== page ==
Glen Helen Prisoner Escape Issues Resolved

(September 13) County officials have redressed several crucial security issues at the Glen Helen Rehabilitation Center in Devore, after the expenditure of roughly $2 million.
Following a rash of escapes from the facility, located at 18000 West Institution Road in Devore, last year, the board of supervisors at the prodding of the sheriff’s department on September 11, 2012 declared there was “substantial evidence that the recent escapes of pre-sentenced inmates at the Glen Helen Rehabilitation Center created an emergency requiring immediate action to prevent or mitigate the loss or impairment of life, health, property, and service to the public.” Because of the urgency of the situation, the county did not hold a formal competitive solicitation of bids to improve the security of the facility, instead extending a no-bid contract to Bellevue, Washington-based Lydig Construction, Inc., which already had established a relationship with the county through its work on the Adelanto Detention Facility. The board approved a project budget of $3 million, consisting of project management costs of $2,320; design costs of $6,680; construction costs of $1,891,000; and a project contingency of $1,100,000.  Another $59,836 to install security fencing surrounding the main recreation yard was provided directly from the Inmate Welfare Fund and was not included in the project budget. In December 2012, the board awarded a $999,996 construction contract to Lydig, providing for the construction of interior security improvements for housing units M1 and M2. Shortly after the approval of the contract with Lydig, the potential for grant funding from the state of California in the form of Senate Bill 1022 became available.
Working in concert with the sheriff’s department, Lydig undertook several external improvements to the facility, including replacing all of the barbed wire on top of the fencing and adjacent roof around both minimum housing units as well at the female housing facility with multiple strand barbed wire and razor wire; installation of “no climb” mesh topped with multiple strand barbed wire and razor wire on the fencing and adjacent roofs surrounding the maximum security outdoor recreation yards; replacement of the existing 10 foot high perimeter fencing with 14 foot high fencing that includes “no climb” mesh on the upper 4 feet of the interior fencing together with the installation of  razor wire on the top of both the interior and exterior fencing as well as on the ground in between both fences; installation of a “dig barrier” around the entire inner fence; and installation of 10 foot high fencing topped with razor wire surrounding the main recreation yard.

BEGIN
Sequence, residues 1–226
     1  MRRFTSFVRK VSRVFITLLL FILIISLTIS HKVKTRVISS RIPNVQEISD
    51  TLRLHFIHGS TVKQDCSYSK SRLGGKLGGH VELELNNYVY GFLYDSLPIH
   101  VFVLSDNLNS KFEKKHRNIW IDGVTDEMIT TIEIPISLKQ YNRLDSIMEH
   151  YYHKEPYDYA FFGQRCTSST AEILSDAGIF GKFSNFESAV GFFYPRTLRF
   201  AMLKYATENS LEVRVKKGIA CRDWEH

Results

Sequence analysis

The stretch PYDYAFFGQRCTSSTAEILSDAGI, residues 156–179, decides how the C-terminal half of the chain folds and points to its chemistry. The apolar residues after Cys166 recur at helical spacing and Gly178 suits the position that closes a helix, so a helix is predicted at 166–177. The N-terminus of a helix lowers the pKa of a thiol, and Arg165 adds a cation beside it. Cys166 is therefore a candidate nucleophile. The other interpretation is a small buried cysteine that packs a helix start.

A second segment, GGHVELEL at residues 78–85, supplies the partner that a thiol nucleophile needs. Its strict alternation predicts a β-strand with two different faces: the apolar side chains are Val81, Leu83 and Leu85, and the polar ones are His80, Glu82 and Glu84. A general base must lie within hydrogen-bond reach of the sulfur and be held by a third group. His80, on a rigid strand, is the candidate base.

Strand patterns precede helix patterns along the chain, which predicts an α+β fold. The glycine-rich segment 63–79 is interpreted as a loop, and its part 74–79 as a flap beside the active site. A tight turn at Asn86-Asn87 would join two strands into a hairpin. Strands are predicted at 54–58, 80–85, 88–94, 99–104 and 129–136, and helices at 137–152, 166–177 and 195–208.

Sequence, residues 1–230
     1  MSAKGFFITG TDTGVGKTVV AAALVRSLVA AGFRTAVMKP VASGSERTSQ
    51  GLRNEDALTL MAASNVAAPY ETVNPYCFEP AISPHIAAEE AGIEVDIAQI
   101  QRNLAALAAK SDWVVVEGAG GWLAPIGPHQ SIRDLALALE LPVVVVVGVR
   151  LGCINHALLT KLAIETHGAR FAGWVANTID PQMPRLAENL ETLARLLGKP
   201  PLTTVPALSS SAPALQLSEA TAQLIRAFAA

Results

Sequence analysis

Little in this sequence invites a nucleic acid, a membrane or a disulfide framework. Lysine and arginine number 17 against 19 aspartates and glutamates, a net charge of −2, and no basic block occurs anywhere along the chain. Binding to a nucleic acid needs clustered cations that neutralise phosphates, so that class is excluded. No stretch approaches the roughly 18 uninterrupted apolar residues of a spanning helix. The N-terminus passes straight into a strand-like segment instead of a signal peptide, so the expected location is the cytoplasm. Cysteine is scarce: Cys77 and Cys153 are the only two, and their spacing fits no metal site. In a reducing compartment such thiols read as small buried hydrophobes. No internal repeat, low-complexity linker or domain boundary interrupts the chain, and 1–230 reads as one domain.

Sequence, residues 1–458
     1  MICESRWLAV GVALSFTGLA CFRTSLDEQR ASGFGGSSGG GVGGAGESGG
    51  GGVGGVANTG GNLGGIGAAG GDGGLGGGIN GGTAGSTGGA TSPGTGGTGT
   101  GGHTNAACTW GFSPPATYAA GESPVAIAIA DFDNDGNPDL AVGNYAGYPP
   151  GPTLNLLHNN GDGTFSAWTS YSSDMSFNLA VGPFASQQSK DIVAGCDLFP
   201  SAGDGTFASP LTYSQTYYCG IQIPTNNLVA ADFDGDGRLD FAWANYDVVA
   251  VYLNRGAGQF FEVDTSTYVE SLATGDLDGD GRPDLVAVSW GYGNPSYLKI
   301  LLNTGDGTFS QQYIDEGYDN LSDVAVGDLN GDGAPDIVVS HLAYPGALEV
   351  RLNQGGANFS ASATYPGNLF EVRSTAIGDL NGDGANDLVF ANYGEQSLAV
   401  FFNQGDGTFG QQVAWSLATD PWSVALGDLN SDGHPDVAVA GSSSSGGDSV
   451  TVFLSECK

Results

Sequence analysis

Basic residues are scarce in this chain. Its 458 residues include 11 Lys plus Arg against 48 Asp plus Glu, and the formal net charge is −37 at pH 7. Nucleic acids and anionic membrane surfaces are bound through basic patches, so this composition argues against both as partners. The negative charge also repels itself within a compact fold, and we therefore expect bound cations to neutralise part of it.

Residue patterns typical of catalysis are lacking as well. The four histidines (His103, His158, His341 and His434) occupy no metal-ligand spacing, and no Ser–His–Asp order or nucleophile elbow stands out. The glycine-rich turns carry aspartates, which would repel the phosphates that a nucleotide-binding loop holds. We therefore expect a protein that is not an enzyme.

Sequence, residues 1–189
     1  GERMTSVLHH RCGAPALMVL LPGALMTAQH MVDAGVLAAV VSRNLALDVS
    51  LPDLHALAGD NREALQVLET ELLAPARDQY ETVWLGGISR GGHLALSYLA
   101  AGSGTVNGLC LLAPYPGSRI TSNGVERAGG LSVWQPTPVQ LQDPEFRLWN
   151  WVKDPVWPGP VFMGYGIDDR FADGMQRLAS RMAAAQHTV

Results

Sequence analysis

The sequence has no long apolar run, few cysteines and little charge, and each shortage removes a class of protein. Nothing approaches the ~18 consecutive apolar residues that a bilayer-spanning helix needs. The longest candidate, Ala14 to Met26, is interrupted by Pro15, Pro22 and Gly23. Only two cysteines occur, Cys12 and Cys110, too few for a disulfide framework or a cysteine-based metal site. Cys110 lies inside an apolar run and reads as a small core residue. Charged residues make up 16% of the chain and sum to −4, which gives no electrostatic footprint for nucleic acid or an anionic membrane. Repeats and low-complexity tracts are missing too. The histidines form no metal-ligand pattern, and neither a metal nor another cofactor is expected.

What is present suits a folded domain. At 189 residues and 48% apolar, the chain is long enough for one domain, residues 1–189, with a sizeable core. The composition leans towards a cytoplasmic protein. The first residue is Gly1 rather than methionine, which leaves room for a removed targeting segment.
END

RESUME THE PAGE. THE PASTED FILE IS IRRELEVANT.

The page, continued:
One of the other security needs identified by the sheriff’s department is the replacement of all perimeter exterior lighting with higher intensity lighting to improve visibility in the evening hours. A study has been completed that identified the necessary new light fixture to achieve the visibility goals, and is currently being purchased and installed by sheriff’s maintenance staff.
Though the external security measures have been completed or are under way, the interior improvements approved by the board last December have not been undertaken, as the funding for them has yet to be obtained.
This week, the county board of supervisors made a finding that the imminent threat of escapes from Glen Hellen has passed and terminated the declaration of an emergency situation at the facility. The board also approved a deductive change order in the amount of $988,983 to the last December’s contract with Lydig Construction, decreasing the contract amount from $999,996 to $11,013 for the internal improvements approved at that time.
“With the reduction in the contract amount of $988,983 with Lydig Construction, Inc., approximately $1 million remains in the project budget that will not be expended at this time for interior security improvements for housing units M1 and M2 at the Glen Helen Rehabilitation Center,” Carl Alban, the director of the county architecture & engineering department told the board of supervisors prior to its vote at its meeting on Tuesday.  “The sheriff’s department is currently preparing a proposal for SB1022 funding, and if successful, this funding would allow for the replacement of the existing housing units M1 and M2. Following discussions with the county administrative office and the sheriff’s department, it was determined to defer the proposed work in housing units M1 and M2 pending the outcome of grant awards for SB1022.

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